Here, Everywhere, Ghosts
On his first day, the boy was scared. A roach crawled up his arm. An
older boy punched him in the chest. "Fuck you," the older boy said.
In the day room, the scared boy and his roommate, a boy his age, stood
at the wire screen window and watched the white-haired Sidewalk
Schizophrenic smack his own face. "Bug ghosts," the boy's roommate
said. "It's the spirit he's mashing. You believe in God?"
"Yes," the scared boy said.
Jeffers, a healthcare tech who'd promised to protect the scared boy
from the older boy, said the Sidewalk Schizophrenic had Grounds
Privileges and lived on the stucco adult ward across campus, up the
hill. "Vermin hallucination," Jeffers said. "A symptom."
On New Year's Eve, his second day, the boy was in the day room with his
roommate and two other boys who wanted to see the Sidewalk
Schizophrenic smack his own face. The older boy had run away.
"He'll be back," one of the boys said.
"They'll catch him," the second boy said.
There was a parade on TV and the sound of band whistles.
The scared boy's roommate banged the wire screen with a chess
checkerboard, and the Sidewalk Schizophrenic ran. The two other boys
"The spirit's chasing him," the scared boy's roommate said.
After supper, in the day room, Jeffers told Crybaby Lane, the ghost
story about a catholic orphanage burned to the ground. The TV flickered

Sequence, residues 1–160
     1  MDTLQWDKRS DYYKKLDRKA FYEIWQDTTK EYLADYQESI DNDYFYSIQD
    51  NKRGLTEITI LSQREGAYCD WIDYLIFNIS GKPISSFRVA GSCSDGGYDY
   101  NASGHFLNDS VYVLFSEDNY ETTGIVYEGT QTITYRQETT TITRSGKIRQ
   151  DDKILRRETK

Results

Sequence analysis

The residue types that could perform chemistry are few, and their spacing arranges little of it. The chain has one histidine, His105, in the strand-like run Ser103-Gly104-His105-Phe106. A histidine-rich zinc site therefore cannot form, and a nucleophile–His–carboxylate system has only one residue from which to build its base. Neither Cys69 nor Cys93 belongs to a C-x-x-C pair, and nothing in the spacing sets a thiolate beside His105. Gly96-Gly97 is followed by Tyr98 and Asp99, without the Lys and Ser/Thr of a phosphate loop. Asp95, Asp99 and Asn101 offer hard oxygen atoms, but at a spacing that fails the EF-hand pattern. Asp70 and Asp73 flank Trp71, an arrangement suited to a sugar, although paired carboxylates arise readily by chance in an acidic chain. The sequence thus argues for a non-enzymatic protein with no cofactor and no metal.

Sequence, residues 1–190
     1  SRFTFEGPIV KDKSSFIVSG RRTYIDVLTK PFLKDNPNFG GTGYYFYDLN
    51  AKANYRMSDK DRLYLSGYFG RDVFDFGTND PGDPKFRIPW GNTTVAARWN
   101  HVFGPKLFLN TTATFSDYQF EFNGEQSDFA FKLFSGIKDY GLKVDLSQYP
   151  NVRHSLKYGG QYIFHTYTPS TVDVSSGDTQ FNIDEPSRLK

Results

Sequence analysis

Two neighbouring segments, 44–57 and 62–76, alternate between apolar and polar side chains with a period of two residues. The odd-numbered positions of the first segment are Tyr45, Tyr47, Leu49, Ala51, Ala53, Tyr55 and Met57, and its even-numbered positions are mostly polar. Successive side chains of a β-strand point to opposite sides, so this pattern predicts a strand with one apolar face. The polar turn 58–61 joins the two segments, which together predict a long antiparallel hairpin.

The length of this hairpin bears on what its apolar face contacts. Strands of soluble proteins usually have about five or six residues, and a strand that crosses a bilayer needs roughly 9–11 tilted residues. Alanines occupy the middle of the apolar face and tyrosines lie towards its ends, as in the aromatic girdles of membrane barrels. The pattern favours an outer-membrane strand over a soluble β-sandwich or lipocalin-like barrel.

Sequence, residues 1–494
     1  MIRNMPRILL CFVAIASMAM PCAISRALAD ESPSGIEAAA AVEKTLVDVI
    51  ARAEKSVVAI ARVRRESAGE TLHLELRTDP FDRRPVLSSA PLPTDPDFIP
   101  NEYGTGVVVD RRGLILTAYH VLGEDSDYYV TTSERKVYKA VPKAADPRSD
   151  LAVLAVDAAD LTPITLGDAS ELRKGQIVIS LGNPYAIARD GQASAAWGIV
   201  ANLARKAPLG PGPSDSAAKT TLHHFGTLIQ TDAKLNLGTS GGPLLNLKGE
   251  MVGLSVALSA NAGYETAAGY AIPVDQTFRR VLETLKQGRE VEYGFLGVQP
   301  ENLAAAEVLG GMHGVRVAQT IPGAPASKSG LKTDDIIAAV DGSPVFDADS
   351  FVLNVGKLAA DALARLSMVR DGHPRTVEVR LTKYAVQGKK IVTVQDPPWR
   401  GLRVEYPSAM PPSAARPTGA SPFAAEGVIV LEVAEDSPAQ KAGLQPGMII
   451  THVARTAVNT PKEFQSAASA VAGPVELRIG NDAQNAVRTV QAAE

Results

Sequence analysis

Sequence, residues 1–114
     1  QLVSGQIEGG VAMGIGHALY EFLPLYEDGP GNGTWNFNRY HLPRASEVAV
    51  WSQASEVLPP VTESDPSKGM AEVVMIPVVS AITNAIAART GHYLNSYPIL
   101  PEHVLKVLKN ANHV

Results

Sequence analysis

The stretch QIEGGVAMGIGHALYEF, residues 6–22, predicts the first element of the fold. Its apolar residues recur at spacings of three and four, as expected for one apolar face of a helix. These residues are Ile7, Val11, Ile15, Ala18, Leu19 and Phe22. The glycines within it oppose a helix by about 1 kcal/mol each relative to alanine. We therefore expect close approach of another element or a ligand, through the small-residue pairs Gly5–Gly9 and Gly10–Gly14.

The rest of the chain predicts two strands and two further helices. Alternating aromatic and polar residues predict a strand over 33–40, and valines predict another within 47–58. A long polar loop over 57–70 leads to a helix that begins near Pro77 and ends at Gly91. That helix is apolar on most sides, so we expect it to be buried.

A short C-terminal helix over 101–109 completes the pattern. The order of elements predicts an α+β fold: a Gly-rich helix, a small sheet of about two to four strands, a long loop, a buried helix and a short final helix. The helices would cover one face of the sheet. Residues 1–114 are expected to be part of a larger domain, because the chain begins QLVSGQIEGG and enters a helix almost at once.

Jerry Springer. Jeffers said you can still hear the orphan-ghosts cry
in the pines behind Crybaby Lane.
The scared boy stood with his back to the window and his roommate sat
Indian Style on the chess checkerboard and chewed a plastic pawn.
Lights Out: the scared boy prayed please don't catch the older boy. A
rat bit his roommate's lip: a scream, a tremor, and a nurse, Mrs.
French, who opened the door, jerked his roommate from bed, and dragged
him down the ward.
New Year's Day they took breakfast in the basement cafeteria. Jeffers
delivered the scared boy's tray, but he wasn't hungry because the older
boy sat at the next table with two burly techs brought in from the
adult ward. "Fuck you," the older boy said to no one. A table
of girl patients laughed.
"They found him," one of the boys said.
"He'll run again," the second boy said.
"Grace," Jeffers said, and offered the blessing—and the
scared boy secretly blessed the Sidewalk Schizophrenic, the older boy,
and his roommate's lip tremor.
"Amen," Jeffers said.
The scared boy's roommate lifted his head. "It were a rat ghost," he
said. "Here, everywhere, ghosts."
"Twitch, Twitch is your name!" the second boy said, and the other boy
laughed, and Twitch punched his own lip and asked the scared boy if he
believed in ghosts.
Michael Fischer's work has appeared recently in Beloit Fiction Journal
Mountains Review, and is
forthcoming in LITnIMAGE.
Detail of photo on main page courtesy
of Kevin Dooley.
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